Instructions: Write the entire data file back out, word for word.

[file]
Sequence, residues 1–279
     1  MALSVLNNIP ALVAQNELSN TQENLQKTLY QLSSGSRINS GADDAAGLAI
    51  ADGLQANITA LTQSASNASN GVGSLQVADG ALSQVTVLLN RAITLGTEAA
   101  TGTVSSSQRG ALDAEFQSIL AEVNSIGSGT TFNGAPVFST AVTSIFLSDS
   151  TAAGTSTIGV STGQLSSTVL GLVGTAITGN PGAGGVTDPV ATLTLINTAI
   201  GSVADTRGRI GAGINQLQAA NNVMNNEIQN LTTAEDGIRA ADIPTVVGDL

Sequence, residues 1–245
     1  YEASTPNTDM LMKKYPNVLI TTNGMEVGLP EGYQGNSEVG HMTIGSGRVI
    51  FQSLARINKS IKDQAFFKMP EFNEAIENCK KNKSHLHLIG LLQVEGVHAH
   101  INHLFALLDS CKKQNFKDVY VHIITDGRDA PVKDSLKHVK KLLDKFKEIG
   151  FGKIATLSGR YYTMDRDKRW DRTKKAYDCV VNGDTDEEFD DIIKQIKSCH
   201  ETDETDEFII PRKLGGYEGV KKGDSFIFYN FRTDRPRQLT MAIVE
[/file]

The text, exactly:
Sequence, residues 1–279
     1  MALSVLNNIP ALVAQNELSN TQENLQKTLY QLSSGSRINS GADDAAGLAI
    51  ADGLQANITA LTQSASNASN GVGSLQVADG ALSQVTVLLN RAITLGTEAA
   101  TGTVSSSQRG ALDAEFQSIL AEVNSIGSGT TFNGAPVFST AVTSIFLSDS
   151  TAAGTSTIGV STGQLSSTVL GLVGTAITGN PGAGGVTDPV ATLTLINTAI
   201  GSVADTRGRI GAGINQLQAA NNVMNNEIQN LTTAEDGIRA ADIPTVVGDL

Sequence, residues 1–245
     1  YEASTPNTDM LMKKYPNVLI TTNGMEVGLP EGYQGNSEVG HMTIGSGRVI
    51  FQSLARINKS IKDQAFFKMP EFNEAIENCK KNKSHLHLIG LLQVEGVHAH
   101  INHLFALLDS CKKQNFKDVY VHIITDGRDA PVKDSLKHVK KLLDKFKEIG
   151  FGKIATLSGR YYTMDRDKRW DRTKKAYDCV VNGDTDEEFD DIIKQIKSCH
   201  ETDETDEFII PRKLGGYEGV KKGDSFIFYN FRTDRPRQLT MAIVE